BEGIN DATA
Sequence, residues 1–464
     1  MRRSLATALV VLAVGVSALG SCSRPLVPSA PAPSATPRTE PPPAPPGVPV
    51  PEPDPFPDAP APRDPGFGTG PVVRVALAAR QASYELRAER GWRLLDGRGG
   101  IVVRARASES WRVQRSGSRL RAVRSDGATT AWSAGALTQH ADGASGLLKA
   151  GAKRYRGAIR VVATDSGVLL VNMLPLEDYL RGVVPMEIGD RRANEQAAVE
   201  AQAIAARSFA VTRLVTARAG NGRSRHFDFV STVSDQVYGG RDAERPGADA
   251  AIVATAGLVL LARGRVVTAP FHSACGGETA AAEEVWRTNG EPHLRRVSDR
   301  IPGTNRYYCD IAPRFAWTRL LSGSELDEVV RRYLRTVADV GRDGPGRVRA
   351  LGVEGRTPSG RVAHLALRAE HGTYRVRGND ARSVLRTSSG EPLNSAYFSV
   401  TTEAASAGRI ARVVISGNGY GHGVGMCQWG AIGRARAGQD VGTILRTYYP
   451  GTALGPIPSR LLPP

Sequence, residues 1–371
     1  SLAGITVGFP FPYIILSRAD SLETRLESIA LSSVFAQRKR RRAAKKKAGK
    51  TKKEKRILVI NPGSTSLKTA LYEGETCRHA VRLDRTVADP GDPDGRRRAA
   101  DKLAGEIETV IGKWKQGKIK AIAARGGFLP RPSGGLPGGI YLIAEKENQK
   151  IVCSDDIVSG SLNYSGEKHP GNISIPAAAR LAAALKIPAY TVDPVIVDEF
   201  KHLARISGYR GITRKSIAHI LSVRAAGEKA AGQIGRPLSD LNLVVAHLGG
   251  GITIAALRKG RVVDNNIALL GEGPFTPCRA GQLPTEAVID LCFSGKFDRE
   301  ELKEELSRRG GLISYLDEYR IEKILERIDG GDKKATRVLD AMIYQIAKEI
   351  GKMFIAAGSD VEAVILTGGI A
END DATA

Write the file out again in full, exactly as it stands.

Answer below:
Sequence, residues 1–464
     1  MRRSLATALV VLAVGVSALG SCSRPLVPSA PAPSATPRTE PPPAPPGVPV
    51  PEPDPFPDAP APRDPGFGTG PVVRVALAAR QASYELRAER GWRLLDGRGG
   101  IVVRARASES WRVQRSGSRL RAVRSDGATT AWSAGALTQH ADGASGLLKA
   151  GAKRYRGAIR VVATDSGVLL VNMLPLEDYL RGVVPMEIGD RRANEQAAVE
   201  AQAIAARSFA VTRLVTARAG NGRSRHFDFV STVSDQVYGG RDAERPGADA
   251  AIVATAGLVL LARGRVVTAP FHSACGGETA AAEEVWRTNG EPHLRRVSDR
   301  IPGTNRYYCD IAPRFAWTRL LSGSELDEVV RRYLRTVADV GRDGPGRVRA
   351  LGVEGRTPSG RVAHLALRAE HGTYRVRGND ARSVLRTSSG EPLNSAYFSV
   401  TTEAASAGRI ARVVISGNGY GHGVGMCQWG AIGRARAGQD VGTILRTYYP
   451  GTALGPIPSR LLPP

Sequence, residues 1–371
     1  SLAGITVGFP FPYIILSRAD SLETRLESIA LSSVFAQRKR RRAAKKKAGK
    51  TKKEKRILVI NPGSTSLKTA LYEGETCRHA VRLDRTVADP GDPDGRRRAA
   101  DKLAGEIETV IGKWKQGKIK AIAARGGFLP RPSGGLPGGI YLIAEKENQK
   151  IVCSDDIVSG SLNYSGEKHP GNISIPAAAR LAAALKIPAY TVDPVIVDEF
   201  KHLARISGYR GITRKSIAHI LSVRAAGEKA AGQIGRPLSD LNLVVAHLGG
   251  GITIAALRKG RVVDNNIALL GEGPFTPCRA GQLPTEAVID LCFSGKFDRE
   301  ELKEELSRRG GLISYLDEYR IEKILERIDG GDKKATRVLD AMIYQIAKEI
   351  GKMFIAAGSD VEAVILTGGI A